This is not a funny post. It’s likely to cause me some hate mail (or hate-facebooking, I suppose). Ah well.
I am completely NOT shocked, nor even mildly surprised, about the CIA torture report. What DOES dishearten me are the variations of “This is why I don’t give a fuck that we tortured terrorists“ memes on social media. No, I’m not posting any examples, because I won’t give credence to the idea. It disheartens me that many of the people whose opinions I value to at least some degree are willing to jump on the “it’s ok to do anything to get results” bandwagon.
When you reduce a person to a label or pull an “ends to means” justification to excuse horrific brutality, have you not just proved you’re no better than the enemy you’re fighting? I would challenge any supporter of torture as an appropriate means to an end to read detailed descriptions of what happened in medieval torture chambers, and examine whether the rack or hot pokers are humane. Then read accounts of what happened to POWs during the Civil War or WWII or Vietnam (or, really, any other war). Torture hasn’t changed much in the past few thousand years except in sophistication: in fact, as humans we’ve gotten BETTER at it.
Humans have gotten BETTER at breaking another human’s psyche and spirit through physical and psychological pain without actually killing them. This is not an accomplishment we should be proud of as a species.
Here’s the thing. I am not, at my core, a gentle person. In the words of a t-shirt I will soon own, “I am comfortable with violence.” I don’t advocate peace at the expense of freedom, and, perhaps more importantly, I don’t advocate standing by when someone else is attacked. As such, I’m both pro-military and pro-law enforcement in general. I get that it seems counter-intuitive to some of my really liberal values, but those who protect us are important to me. I admire those who serve because they do jobs that, by their very nature, chip away at the soul. They sacrifice immensely on our behalf. There are certain situations, both personal and as a member of humanity, in which violent response is the only available answer. I understand many will disagree with my position: I’m ok with that. The point of writing this isn’t to advocate for my ethics: it’s to give you a framework for what I’m about to say.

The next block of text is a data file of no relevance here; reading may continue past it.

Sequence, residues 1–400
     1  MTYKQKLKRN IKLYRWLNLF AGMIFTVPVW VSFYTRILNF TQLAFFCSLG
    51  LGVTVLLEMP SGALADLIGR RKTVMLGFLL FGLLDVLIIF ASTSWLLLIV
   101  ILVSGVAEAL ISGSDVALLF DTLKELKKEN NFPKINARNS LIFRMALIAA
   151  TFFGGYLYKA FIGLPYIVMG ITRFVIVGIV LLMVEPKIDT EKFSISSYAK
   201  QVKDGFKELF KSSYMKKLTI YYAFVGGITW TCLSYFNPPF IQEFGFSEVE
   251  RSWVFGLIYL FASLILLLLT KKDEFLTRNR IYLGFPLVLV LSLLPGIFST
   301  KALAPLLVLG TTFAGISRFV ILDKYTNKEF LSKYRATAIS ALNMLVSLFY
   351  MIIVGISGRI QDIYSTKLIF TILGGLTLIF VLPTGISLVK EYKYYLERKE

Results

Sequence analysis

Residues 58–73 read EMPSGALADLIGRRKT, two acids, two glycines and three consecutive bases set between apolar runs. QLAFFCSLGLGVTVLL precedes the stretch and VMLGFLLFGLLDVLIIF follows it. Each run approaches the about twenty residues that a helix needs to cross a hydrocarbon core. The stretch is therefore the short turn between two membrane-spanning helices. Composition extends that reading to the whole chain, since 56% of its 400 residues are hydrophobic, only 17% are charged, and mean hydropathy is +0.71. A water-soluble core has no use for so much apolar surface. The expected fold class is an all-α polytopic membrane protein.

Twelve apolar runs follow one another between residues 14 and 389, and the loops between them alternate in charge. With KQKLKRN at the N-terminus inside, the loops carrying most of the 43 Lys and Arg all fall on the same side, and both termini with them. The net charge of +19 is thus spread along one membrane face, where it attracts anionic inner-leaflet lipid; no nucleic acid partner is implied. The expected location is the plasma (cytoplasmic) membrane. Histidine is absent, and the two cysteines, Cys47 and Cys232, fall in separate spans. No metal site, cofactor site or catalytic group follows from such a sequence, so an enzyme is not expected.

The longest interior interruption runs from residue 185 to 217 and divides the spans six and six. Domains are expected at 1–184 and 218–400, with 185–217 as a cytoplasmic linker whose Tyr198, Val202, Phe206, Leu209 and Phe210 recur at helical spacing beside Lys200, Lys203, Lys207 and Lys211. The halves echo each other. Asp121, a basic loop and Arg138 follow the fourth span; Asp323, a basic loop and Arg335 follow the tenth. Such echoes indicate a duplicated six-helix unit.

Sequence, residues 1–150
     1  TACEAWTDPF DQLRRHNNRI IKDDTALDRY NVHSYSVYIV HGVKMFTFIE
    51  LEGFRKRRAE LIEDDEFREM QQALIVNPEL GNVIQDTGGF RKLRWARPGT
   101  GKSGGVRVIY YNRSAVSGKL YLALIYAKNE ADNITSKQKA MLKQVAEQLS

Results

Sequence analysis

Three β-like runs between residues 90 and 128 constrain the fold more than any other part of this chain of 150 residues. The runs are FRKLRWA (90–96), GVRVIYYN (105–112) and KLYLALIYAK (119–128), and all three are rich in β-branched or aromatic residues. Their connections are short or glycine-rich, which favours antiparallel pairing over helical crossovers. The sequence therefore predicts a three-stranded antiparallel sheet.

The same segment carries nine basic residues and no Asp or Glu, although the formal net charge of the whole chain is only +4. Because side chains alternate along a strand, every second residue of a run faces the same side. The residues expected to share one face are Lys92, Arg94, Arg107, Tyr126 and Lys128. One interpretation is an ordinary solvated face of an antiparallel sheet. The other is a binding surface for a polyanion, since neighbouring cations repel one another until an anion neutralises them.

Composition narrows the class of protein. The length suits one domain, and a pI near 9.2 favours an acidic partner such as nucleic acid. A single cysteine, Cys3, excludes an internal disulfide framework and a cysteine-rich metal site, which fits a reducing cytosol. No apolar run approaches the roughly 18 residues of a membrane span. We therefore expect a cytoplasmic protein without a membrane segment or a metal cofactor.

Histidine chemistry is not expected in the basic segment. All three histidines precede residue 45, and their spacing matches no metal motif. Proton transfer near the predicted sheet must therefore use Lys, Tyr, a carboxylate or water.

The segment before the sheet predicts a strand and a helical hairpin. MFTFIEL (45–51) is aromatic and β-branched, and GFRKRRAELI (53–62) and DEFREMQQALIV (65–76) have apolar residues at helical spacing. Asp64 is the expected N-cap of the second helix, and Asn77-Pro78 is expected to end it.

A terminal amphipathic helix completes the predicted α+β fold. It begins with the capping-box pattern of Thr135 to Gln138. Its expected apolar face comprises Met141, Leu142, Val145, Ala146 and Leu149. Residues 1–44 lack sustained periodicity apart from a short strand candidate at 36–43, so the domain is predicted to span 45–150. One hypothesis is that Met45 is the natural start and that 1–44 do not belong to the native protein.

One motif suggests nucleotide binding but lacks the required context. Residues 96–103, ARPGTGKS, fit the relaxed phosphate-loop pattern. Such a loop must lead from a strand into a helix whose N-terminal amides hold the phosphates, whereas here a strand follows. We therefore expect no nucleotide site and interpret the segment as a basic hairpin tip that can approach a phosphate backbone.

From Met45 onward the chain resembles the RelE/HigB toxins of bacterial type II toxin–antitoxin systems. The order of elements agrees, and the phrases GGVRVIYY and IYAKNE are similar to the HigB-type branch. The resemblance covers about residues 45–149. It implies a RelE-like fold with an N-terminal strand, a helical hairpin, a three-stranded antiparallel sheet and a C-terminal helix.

The moment you endorse the torture of another human being, even if you’re not doing the torture yourself, is the moment you choose to kill a piece of your own humanity. Maybe it’s just a little piece. Maybe you have humanity to spare. Maybe you truly feel justified that your response is fair retribution. Let me be painfully clear:
If you think it heinous and depraved for the ENEMY to shock American prisoners’ genitals with electrodes, to repeatedly drown and revive them, to pull fingernails out, to refuse food and water and sleep, to force them to stand for days on end in joint-breaking positions, but you think it’s acceptable for US to do so under the fallacy of getting “information,” you have failed your argument.
I don’t agree with the Abrahamic religions’ idea that everyone, even the most evil, have some bit of good to nurture. There is a level of depravity and cruelty in the world that, to my mind, deserves no quarter. No second chances to cause additional damage. I don’t have a problem with the death that comes with war. It’s part of war. I don’t have a problem with the death penalty for certain levels of criminals. I don’t have an issue with carrying guns or defending ourselves from violence done upon us. But if death is the response, it needs to be a clean, humane death.
There are people who are the equivalent of rabid dogs attacking individuals and society. The response to a rabid dog is NOT to become rabid yourself. I think inflicting death upon another soul, taking someone or something’s life, is already a serious and soul-damaging act. Inflicting pain because the judgement is made that the pain is “deserved” is both unjust and creates a dark, unclean space in the spirit.
I work, hard to cultivate compassion and empathy for others. Yes, this is a direct countermeasure to my ability to consider violence as an option. The better I am at seeing both sides of a situation, the more likely I am to be able to DE-escalate. Empathy leads to finding a point of common ground, which can lead to a point of understanding between two otherwise contentious parties. Empathy leads to compassion for others’ situations, and maybe, just maybe, empathy and compassion can provide a single moment for a person to step back and look without judgement. Imagine that: a break in the cycle of “you hurt me, so I’m going to do worse to you and yours.”
Every attempt toward compassion is worthwhile. Every moment of empathy achieved is a step toward making your life more positive. And when it fails, as it most definitely will fail on many occasions, there is a choice. Choose to keep trying, or to give in to the negative, vengeful, destructive side. It’s HARD to look at a situation from the other party’s point of view. But in my opinion the work is worth the effort, the failures, and the frustration, both personally and in hopes that I can make a little corner of my own universe a little less dark.
I’m not giving up my empathy and compassion to anyone, especially not to propaganda and a false sense of vengeance perpetrated by misinforming social media garbage.